Summertime Jazz: Still Alive and Swingin' in Los Angeles
The Wayne Horvitz Gravitas Quartet may have pushed the limit of the "jazz" festival label even further, particularly in its instrumentation. With Horvitz on piano, joined by Ron Miles (trumpet), Peggy Lee (cello), and Sara Schoenbeck (bassoon), the ensemble alternately produced haunting, screeching, reflective, cacophonous and joyous sounds that encompassed the entire spectrum of human emotion.
As day turned to night, a cool breeze and warm applause greeted the Nels Cline Singers and Jeff Parker, who responded with heated sonic distortions of their own. These guys scratched, scraped, slapped and pounded their instruments for maximum effect, all the while looking like delirious teenagers given free reign in their high school's woodworking and metal shop.
And while jazz traditionalists (there probably weren't many in attendance), may have cringed during these raucous excursions, the band's interpretation of Ornette Coleman's "Congeniality" was a festival highlight. Their initial statement of the melody triggered immediate cries of recognition and appreciation from the hip audience. Leader, guitarist and twin brother of Alex Cline, Nels, his exertions manic in intensity, blurred the line between his roles as creative musician and mad scientist. Devin Hoff, a depraved look on his face, did things to his bass that I'd forbid a child to witness. Drummer Scott Amendola, jaw clamped down tightly on his sticks, resembled a psychiatric patient undergoing electroshock therapy. Meanwhile, Chicago guitarist Jeff Parker, heeding fellow Chicago legend Oscar Brown's advice to " keep cool," brought balance and sanity to the proceedings, as he sat back and calmly let loose his own blues inflected improvisations.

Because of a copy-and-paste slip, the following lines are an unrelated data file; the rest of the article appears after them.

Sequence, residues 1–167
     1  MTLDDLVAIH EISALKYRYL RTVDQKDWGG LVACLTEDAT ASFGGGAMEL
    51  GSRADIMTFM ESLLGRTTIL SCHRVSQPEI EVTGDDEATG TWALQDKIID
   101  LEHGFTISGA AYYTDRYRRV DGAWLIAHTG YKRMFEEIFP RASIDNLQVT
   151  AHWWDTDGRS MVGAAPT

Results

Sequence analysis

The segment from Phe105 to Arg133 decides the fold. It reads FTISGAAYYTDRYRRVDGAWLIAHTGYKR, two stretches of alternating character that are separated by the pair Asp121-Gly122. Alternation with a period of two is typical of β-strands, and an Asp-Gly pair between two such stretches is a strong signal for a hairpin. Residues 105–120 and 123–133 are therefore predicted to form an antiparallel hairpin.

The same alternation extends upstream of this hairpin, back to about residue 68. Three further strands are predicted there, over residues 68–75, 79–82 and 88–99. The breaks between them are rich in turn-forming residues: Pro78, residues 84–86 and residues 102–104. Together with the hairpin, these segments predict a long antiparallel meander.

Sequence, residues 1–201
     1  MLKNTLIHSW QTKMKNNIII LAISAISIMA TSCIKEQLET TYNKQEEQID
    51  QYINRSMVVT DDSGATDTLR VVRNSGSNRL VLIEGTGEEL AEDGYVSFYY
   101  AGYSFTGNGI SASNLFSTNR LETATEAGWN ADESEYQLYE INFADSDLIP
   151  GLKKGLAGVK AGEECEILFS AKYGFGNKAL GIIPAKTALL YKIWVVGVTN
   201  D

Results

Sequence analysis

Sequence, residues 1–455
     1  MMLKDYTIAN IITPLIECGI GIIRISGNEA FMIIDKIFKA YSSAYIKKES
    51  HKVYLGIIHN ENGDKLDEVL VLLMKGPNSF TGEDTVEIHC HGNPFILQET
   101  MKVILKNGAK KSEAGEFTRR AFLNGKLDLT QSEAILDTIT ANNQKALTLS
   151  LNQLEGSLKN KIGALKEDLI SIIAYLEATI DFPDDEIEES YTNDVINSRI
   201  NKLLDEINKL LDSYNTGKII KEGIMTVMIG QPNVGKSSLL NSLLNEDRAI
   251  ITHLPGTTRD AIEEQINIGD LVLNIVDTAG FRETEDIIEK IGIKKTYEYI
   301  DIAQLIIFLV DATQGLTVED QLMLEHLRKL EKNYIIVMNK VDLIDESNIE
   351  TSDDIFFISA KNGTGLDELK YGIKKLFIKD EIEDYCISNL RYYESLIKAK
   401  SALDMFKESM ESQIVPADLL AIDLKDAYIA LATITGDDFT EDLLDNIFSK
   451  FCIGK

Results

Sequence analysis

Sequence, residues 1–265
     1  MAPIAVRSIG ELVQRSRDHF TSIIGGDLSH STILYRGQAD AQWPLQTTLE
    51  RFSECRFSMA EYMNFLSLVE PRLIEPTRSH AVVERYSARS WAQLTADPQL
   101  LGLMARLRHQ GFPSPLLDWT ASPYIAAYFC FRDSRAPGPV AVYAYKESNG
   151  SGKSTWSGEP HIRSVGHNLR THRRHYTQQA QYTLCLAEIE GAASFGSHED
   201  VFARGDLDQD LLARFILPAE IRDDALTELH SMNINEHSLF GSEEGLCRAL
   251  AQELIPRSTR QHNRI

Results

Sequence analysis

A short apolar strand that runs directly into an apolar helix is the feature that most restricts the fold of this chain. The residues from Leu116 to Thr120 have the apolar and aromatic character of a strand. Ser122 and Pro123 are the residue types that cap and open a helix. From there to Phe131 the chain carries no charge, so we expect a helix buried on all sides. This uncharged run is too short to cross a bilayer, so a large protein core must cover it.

Bennie Maupin and Dolphyana, a band formed as a tribute to the late, great L.A. native, Eric Dolphy, closed out the festival. Dolphy, whose premature death was one of the jazz world's great tragedies, had entrusted several of his final compositions with a friend before departing on a European tour that he would not survive. Years later, these compositions were turned over to flutist, James Newton, who then passed this material on to Mr. Maupin, knowing that the reed master had been inspired by Dolphy to take on the bass clarinet. Their set included some of this never before heard material, as well as original works by Maupin. Darek Oles opened with a pensive bass line on Dolphy's "Something Sweet, Something Tender." The sonorous tone of Maupin's bass clarinet mingled seductively with the light, airy sound of Nestor Torres' flute. On Dolphy's "Out to Lunch," drum master, Billy Hart, launched into a riveting solo. Unlike too many younger drummers who overwhelm a solo with speed and power, Hart demonstrated the value of nuance, changing tempo and intensity with a veteran's ease. The evening's musical program concluded with a Maupin original, "Message to Prez," from his recent CD, Penumbra (Cryptogramophone Records, 2006). Maupin's hypnotic bass clarinet, so memorable on the Miles Davis classic, Bitches Brew (Columbia Records, 1969>, seemed supernaturally empowered to reach out to Mr. Lester Young in the far beyond.
As the lights came on and the band packed away their instruments, the evening's emcee, LeRoy Downs, KKJZ DJ and virtual host on his Jazzcat Website, thanked the crowd for its enthusiastic and warm embrace of the festival's challenging musical program called out Somazzi for a well deserved hand for organizing this rare and desperately needed affair. And on that note, let's hope that Southern California will always have enough brave, hip and dedicated souls to keep jazz alive.